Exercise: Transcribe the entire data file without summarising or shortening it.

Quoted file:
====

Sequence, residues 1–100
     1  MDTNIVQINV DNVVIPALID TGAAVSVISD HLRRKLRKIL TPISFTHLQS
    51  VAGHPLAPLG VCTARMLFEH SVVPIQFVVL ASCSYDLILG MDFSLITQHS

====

Sequence, residues 1–100
     1  MDTNIVQINV DNVVIPALID TGAAVSVISD HLRRKLRKIL TPISFTHLQS
    51  VAGHPLAPLG VCTARMLFEH SVVPIQFVVL ASCSYDLILG MDFSLITQHS